Thursday, December 4, 2008

Treasury Considers Plan to Stem Home-Prices Decline; Auto Union Open to Changes in Contract

From The Wall Street Journal

Treasury Considers Plan to Stem Home-Price Decline

The Treasury Department is considering a plan to revitalize the U.S. housing market by reducing mortgage rates for new home loans, according to people familiar with the matter.

The plan, which is in the development stages, would use mortgage giants Fannie Mae and Freddie Mac to bring loan rates down as low as 4.5%, a full percentage point lower than the prevailing rates for 30-year fixed mortgages.

Government officials are under pressure to stem foreclosures, which underpin much of the current financial crisis. Treasury has struggled for months to come up with a plan that would ease the market without appearing to bail out homeowners and lenders.

Under the plan, Treasury would buy securities underpinning loans guaranteed by the two mortgage giants, which are temporarily under the control of the government, as well as those guaranteed by the Federal Housing Administration. Fannie and Freddie guarantee a large proportion of all new home loans made in the U.S.

Auto Union Open to Changes in Contract

The United Auto Workers will allow U.S. auto makers to delay payments into a massive health-care trust and suspend the controversial jobs bank program for laid-off workers, part of an effort to help Detroit's struggling auto makers secure emergency federal loans.

The UAW will modify the contracts reached last year with the Detroit Three to help cut costs as the companies try to convince Congress they can survive if given a federal bailout. Modification will require the UAW to assemble bargaining committees and commence negotiations with the companies.

"We're willing to take an extra step here," President Ron Gettelfinger said Wednesday following a meeting with union leadership. He said union leaders are able to suspend the jobs bank and push back payments to the health-care trust without renegotiating the labor contract. But further changes will require bargaining and a vote by UAW members.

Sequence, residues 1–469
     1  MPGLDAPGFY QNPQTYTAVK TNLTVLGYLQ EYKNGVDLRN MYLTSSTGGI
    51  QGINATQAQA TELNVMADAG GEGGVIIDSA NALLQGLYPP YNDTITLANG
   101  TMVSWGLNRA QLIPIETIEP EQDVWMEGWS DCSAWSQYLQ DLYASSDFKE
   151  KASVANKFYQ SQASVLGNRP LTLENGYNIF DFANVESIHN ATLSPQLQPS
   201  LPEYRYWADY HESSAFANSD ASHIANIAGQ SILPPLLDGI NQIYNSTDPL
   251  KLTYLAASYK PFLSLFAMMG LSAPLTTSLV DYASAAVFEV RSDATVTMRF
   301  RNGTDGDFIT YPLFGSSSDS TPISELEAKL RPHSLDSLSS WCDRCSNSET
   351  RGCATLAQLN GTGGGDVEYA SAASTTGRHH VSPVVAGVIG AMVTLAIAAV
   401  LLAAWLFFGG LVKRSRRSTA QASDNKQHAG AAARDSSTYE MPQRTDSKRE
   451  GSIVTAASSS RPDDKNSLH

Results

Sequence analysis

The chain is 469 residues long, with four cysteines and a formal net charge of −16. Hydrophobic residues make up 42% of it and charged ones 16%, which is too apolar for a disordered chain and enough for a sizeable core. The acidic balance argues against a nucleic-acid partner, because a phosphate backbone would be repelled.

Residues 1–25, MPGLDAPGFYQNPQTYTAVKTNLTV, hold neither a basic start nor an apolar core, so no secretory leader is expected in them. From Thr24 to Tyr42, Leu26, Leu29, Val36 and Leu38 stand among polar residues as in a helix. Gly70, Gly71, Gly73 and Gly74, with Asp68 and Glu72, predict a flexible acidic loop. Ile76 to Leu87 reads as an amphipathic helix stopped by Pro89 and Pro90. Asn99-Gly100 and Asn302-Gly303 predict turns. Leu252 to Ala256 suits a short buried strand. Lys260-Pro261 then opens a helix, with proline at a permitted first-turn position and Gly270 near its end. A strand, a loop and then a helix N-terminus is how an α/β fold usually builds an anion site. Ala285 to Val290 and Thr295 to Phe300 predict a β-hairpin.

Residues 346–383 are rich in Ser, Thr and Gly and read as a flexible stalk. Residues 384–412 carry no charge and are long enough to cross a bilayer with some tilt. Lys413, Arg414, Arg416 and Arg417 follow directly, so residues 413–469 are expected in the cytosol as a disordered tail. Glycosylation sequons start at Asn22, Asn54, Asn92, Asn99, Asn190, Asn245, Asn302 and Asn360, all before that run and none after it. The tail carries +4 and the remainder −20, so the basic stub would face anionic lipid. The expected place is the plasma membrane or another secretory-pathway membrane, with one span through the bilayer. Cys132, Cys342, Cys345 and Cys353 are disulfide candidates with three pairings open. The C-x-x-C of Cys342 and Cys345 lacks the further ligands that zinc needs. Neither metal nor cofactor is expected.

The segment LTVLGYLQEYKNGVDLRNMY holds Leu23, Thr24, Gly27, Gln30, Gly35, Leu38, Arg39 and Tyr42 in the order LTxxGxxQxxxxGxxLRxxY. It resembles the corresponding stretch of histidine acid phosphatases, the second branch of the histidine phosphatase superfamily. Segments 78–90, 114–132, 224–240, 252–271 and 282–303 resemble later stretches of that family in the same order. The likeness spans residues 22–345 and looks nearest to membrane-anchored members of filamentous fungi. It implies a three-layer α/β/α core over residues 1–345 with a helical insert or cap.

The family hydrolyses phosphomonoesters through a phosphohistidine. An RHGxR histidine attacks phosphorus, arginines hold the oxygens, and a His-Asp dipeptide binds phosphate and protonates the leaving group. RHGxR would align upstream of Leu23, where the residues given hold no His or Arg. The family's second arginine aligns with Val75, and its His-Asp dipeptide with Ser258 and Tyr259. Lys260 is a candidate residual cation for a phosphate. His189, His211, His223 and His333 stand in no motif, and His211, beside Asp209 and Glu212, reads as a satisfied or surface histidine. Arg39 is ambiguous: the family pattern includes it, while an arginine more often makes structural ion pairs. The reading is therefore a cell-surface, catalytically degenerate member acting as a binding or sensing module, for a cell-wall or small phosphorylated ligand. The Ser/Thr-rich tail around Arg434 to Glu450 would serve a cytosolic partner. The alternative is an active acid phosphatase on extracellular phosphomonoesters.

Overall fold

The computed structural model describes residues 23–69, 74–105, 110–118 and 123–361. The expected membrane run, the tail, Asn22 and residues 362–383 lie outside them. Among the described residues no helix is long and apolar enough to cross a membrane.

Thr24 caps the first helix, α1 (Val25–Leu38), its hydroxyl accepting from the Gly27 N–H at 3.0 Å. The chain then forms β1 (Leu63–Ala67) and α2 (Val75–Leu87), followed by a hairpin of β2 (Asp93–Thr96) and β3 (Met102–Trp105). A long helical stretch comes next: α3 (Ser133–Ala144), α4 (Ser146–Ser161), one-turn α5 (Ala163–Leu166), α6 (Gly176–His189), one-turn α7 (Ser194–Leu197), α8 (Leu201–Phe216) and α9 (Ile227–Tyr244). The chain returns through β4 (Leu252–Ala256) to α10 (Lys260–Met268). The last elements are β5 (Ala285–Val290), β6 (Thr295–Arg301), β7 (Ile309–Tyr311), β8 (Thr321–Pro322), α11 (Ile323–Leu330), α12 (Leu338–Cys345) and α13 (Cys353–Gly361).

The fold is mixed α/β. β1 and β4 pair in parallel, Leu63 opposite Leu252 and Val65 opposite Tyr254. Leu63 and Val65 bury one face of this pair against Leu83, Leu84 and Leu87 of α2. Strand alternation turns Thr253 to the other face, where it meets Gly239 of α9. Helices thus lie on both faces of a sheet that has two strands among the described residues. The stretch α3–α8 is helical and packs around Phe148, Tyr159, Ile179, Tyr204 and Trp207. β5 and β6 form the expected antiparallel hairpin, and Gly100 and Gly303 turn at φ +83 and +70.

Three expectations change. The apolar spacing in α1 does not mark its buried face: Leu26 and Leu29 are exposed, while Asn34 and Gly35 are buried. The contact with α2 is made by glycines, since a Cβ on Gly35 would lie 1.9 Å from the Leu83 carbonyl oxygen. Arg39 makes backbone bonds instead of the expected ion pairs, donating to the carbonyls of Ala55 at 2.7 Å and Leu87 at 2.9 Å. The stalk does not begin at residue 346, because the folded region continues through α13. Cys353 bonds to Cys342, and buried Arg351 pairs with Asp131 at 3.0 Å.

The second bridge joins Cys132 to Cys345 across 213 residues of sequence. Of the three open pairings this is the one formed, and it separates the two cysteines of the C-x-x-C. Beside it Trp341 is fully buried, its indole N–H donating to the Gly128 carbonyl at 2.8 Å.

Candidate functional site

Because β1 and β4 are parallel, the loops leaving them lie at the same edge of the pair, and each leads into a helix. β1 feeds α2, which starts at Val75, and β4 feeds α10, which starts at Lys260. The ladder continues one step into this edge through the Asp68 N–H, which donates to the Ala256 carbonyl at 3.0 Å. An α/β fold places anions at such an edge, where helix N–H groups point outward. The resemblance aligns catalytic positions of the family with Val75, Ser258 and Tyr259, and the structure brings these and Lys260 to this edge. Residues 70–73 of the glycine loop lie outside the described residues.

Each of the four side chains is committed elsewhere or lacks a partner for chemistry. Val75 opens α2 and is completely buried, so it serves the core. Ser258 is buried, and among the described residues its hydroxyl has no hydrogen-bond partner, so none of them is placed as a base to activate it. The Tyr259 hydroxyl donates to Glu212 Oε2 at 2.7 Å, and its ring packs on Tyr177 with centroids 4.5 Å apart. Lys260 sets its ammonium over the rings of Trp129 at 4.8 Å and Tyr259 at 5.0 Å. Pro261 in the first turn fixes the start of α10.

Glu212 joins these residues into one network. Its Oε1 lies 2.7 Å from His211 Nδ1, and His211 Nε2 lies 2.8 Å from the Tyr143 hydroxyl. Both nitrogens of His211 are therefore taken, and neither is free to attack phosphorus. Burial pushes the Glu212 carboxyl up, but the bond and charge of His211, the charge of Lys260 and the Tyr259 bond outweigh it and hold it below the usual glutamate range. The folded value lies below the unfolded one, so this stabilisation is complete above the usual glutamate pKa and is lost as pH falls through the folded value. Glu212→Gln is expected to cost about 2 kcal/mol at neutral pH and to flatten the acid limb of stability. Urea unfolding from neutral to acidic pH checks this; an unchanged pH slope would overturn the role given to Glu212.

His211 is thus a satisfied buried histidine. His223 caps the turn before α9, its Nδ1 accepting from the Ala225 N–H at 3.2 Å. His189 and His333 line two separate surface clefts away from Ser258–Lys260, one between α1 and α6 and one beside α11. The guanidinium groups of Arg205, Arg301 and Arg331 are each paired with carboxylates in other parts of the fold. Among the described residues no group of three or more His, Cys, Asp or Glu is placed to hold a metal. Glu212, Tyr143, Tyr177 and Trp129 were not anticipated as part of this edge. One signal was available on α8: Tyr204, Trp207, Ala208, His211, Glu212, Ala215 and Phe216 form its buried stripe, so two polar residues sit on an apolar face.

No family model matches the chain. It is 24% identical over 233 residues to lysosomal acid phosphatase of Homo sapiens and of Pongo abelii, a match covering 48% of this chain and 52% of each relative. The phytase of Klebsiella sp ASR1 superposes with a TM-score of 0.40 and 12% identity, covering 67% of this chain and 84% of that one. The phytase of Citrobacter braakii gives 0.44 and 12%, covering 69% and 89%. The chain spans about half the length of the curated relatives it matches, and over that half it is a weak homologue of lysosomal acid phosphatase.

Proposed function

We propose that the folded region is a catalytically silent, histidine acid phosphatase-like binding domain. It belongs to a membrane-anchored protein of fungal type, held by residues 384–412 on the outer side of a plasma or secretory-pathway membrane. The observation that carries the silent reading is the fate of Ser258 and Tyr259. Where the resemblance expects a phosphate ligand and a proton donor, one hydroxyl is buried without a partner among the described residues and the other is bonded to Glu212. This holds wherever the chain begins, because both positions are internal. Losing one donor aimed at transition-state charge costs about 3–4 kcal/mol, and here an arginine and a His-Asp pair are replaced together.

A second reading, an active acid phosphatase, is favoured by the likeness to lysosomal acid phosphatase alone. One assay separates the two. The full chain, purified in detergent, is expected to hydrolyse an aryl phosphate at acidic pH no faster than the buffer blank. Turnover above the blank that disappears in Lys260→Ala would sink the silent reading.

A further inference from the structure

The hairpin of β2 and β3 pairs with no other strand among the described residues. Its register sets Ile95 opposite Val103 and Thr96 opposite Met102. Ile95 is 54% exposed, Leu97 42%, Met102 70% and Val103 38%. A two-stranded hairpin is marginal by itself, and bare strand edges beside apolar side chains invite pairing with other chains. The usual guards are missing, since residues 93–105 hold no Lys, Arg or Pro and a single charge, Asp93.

"'Concessions," I used to cringe at that word. But now, why hide from it? That's what we did," Mr. Gettelfinger said.

His comments came one day after General Motors Corp., Ford Motor Co. and Chrysler LLC submitted wide-ranging restructuring blueprints to Congress in the hopes of qualifying for a combined $34 billion in low-interest federal loans. GM and Chrysler say they both need money immediately to avoid collapse, while Ford says it would hope not to have to draw from any credit line.

Cutting Costs

The auto makers are hoping to negotiate concessions from the UAW to bring the cost structures of the Detroit Three more in line with those of foreign auto makers in the U.S.

The health-care trust, commonly referred to as VEBA, was supposed to begin paying benefits to retirees starting Jan. 1, 2010, and is considered a key component of the companies' efforts to reduce labor obligations. However, the auto makers are running short of liquidity and likely unable to come up with the billions of dollars needed to initially fund the trust.

U.S. auto makers are burning through cash at an alarming pace as auto sales in the U.S. and abroad plunge. On Tuesday, Ford reported a 30% decline in its U.S. sales in November versus the year-ago period, while GM and Chrysler each saw their sales drop more than 40%.

As for the jobs bank program, which provides many laid-off workers with most of their pay and benefits, Mr. Gettelfinger said the program has shrunk dramatically, but remains a "lightning rod" for critics of the domestic auto industry.

"Jobs bank has become a sound byte that people use to beat us up," he said. GM and Ford have reduced their jobs banks by nearly 80,000 workers in recent years. The Detroit Three auto makers currently have 3,500 workers in the jobs bank.

'Change With The Times'

Mr. Gettelfinger made the case that a failure of one of Detroit's auto makers would trigger a collapse of at least one of the other auto makers along with suppliers, auto dealers and other companies that depend on GM, Ford and Chrysler for business.

Auto makers made similar statements in the letters sent to Congress on Tuesday.

The UAW will drive that point with an ad campaign that asks for help for Main Street and reminds Congress that the auto industry is not the banking system, which just received a $700 billion federal bailout.

"If Wall Street can get help so should Main Street," one spot will say.

Mr. Gettelfinger also emphasized that the auto makers are presenting a detailed plan that promises to repay the loans. He also noted that other nations are being asked to extend support to their auto industries.

Hundreds of local UAW officials convened for Wednesday's meeting, which Mr. Gettelfinger described as an "unprecedented" gathering of officials representing workers from all three auto makers.

Several said they believe members would grudgingly support the concessions, though some said they planned to oppose further givebacks.

"We're in a fight for survival," said Doug Rice, president of UAW Local 122, representing Chrysler workers. "We're going to have to look at how we do things so we can live today to survive tomorrow."

Rory Gamble, a regional UAW director for Ford, said union leaders have to present a plan that's fair and appropriate for members.

"I'm pretty sure they'll accept that," he said. "You've got to change with the times," he added, noting that the union will look for guarantees down the road when the companies rebound.

Source: The Wall Street Journal

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